Federal legislators from New York want to know what the U.S. Department of Transportation plans to do about an apparent shortage of air traffic controllers and the potential for a wave of retirements at New York's Terminal Radar Approach Control center in Westbury.
Following the lead of Rep. Carolyn McCarthy (D-Mineola), all 31 members of the state's congressional delegation signed a Jan. 28 letter to Secretary of Transportation Ray LaHood expressing concern that a "serious staffing shortage" and retirements at New York TRACON could compromise aviation safety in some of the world's busiest and most complex airspace.
"We're asking Secretary LaHood what the plan is for safety reasons," McCarthy said in a telephone interview.
The letter notes that 30 TRACON controllers are eligible to retire immediately, and 60 more within five years.
According to the lawmakers' letter, there are 157 certified controllers at TRACON in Westbury, which manages flights into and out of Kennedy, LaGuardia, Long Island MacArthur and Newark Liberty airports. It also covers several smaller airports, such as Republic in Farmingdale and Teterboro in New Jersey.
Not at full staffing level
The Federal Aviation Administration has authorized between 205 and 270 controllers to work there since 1998, the lawmakers said.
"As one of the busiest, most complex and critical facilities in the world . . . the New York TRACON must be sufficiently staffed to keep our nation's air travelers safe and the region's airspace running efficiently," the letter to LaHood said.
The FAA monitors staffing at TRACON to make certain safety is not compromised, said Arlene Salac, an FAA spokeswoman for New York and the Northeast region.
"Current staffing levels at the New York TRACON ensure safe air traffic operations in the nation's busiest airspace," Salac said.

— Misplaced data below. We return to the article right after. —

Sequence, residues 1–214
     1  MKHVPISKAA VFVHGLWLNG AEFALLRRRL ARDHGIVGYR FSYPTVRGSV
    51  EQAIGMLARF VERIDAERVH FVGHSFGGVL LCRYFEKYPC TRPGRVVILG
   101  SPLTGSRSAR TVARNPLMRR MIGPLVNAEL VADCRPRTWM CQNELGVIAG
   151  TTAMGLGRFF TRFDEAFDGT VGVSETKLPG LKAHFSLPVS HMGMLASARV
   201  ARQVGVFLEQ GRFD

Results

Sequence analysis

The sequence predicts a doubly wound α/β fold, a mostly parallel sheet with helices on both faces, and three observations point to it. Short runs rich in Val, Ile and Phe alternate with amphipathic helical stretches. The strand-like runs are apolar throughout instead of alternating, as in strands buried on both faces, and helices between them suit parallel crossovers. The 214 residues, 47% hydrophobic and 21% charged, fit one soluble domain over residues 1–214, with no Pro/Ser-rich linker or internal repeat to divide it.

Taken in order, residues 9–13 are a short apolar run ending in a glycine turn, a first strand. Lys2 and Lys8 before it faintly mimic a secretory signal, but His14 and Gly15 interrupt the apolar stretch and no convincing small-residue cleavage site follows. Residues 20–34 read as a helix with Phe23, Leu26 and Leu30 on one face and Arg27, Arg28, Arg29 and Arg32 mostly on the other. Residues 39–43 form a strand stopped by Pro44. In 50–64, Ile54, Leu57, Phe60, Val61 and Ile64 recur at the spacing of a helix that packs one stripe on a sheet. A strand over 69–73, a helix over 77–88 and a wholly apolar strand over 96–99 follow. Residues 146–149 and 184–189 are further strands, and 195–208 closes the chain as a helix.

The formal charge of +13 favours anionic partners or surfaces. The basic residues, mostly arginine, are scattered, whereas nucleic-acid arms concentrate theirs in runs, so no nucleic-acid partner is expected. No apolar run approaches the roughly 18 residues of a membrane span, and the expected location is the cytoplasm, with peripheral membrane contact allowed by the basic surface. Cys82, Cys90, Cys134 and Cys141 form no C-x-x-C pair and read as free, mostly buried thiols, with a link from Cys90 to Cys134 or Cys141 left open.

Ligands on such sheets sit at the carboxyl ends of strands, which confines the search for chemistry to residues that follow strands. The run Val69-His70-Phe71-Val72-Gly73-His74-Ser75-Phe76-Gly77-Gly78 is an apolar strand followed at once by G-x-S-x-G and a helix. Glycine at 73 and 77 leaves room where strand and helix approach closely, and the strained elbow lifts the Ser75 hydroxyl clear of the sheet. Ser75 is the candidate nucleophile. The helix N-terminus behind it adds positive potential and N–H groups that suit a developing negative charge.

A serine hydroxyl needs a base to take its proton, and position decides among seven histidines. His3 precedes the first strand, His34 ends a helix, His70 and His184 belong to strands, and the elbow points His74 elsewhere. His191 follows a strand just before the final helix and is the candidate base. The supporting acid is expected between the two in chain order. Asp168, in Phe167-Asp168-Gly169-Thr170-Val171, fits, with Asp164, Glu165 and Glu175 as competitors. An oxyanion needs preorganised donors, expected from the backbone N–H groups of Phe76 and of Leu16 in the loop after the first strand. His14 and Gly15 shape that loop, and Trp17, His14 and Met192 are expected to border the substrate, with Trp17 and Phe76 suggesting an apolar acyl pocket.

FAA, an agency under the authority of the Department of Transportation, has plans to hire 12,000 controllers in the next 10 years, according to information posted on the FAA's Web site. After the 1981 air traffic controllers strike, President Ronald Reagan fired 11,000 controllers. Many of the controllers hired as replacements are now eligible for retirement.
Finding controllers to work in New York can be a special problem for the government. With the area's high cost of living and complex airspace, New York isn't a first choice for many veteran controllers at facilities elsewhere, said both McCarthy and Ray Maldonaldo, legislative representative with the National Air Traffic Controllers Association.
$100G bonus not working
Incentives such as offering $100,000 cash bonuses to experienced controllers to move to New York haven't resulted in full staffing at TRACON and haven't been effective, McCarthy said.
The lawmakers said there have been only two trainees certified as professional controllers at TRACON since September 2006.
The FAA standards for certification are appropriately high, Salac said.
"Any controller new to the facility must complete a series of rigorous certifications in order to operate in that environment," she said.
Maldonaldo, who is a controller in Westbury, said trainees without previous air-traffic-control experience do not have "great track records" of becoming certified controllers.